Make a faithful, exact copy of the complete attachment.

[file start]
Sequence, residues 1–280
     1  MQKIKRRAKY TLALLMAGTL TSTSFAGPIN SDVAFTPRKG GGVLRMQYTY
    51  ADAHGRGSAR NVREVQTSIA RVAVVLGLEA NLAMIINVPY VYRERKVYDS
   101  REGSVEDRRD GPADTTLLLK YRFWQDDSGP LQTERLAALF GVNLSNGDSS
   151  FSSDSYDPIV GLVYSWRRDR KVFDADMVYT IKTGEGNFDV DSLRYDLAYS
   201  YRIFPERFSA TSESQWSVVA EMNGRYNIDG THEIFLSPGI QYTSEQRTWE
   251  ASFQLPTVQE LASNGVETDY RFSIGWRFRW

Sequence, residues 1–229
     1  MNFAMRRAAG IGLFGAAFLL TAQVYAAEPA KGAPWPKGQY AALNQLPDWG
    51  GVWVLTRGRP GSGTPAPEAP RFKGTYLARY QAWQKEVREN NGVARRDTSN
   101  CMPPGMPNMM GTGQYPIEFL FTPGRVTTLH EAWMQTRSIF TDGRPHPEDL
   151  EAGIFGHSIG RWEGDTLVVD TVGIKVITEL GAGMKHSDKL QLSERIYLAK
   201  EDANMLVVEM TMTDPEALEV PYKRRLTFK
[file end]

Sequence, residues 1–280
     1  MQKIKRRAKY TLALLMAGTL TSTSFAGPIN SDVAFTPRKG GGVLRMQYTY
    51  ADAHGRGSAR NVREVQTSIA RVAVVLGLEA NLAMIINVPY VYRERKVYDS
   101  REGSVEDRRD GPADTTLLLK YRFWQDDSGP LQTERLAALF GVNLSNGDSS
   151  FSSDSYDPIV GLVYSWRRDR KVFDADMVYT IKTGEGNFDV DSLRYDLAYS
   201  YRIFPERFSA TSESQWSVVA EMNGRYNIDG THEIFLSPGI QYTSEQRTWE
   251  ASFQLPTVQE LASNGVETDY RFSIGWRFRW

Sequence, residues 1–229
     1  MNFAMRRAAG IGLFGAAFLL TAQVYAAEPA KGAPWPKGQY AALNQLPDWG
    51  GVWVLTRGRP GSGTPAPEAP RFKGTYLARY QAWQKEVREN NGVARRDTSN
   101  CMPPGMPNMM GTGQYPIEFL FTPGRVTTLH EAWMQTRSIF TDGRPHPEDL
   151  EAGIFGHSIG RWEGDTLVVD TVGIKVITEL GAGMKHSDKL QLSERIYLAK
   201  EDANMLVVEM TMTDPEALEV PYKRRLTFK